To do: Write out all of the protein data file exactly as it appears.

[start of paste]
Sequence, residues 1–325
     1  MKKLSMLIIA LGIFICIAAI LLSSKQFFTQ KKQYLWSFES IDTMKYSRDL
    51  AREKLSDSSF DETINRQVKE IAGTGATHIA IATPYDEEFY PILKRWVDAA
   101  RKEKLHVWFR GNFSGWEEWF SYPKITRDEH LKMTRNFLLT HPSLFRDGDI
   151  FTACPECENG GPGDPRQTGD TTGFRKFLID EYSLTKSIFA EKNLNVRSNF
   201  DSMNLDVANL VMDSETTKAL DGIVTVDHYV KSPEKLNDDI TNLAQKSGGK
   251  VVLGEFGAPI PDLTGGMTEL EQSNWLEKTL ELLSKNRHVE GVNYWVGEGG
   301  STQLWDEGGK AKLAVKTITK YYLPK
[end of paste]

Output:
Sequence, residues 1–325
     1  MKKLSMLIIA LGIFICIAAI LLSSKQFFTQ KKQYLWSFES IDTMKYSRDL
    51  AREKLSDSSF DETINRQVKE IAGTGATHIA IATPYDEEFY PILKRWVDAA
   101  RKEKLHVWFR GNFSGWEEWF SYPKITRDEH LKMTRNFLLT HPSLFRDGDI
   151  FTACPECENG GPGDPRQTGD TTGFRKFLID EYSLTKSIFA EKNLNVRSNF
   201  DSMNLDVANL VMDSETTKAL DGIVTVDHYV KSPEKLNDDI TNLAQKSGGK
   251  VVLGEFGAPI PDLTGGMTEL EQSNWLEKTL ELLSKNRHVE GVNYWVGEGG
   301  STQLWDEGGK AKLAVKTITK YYLPK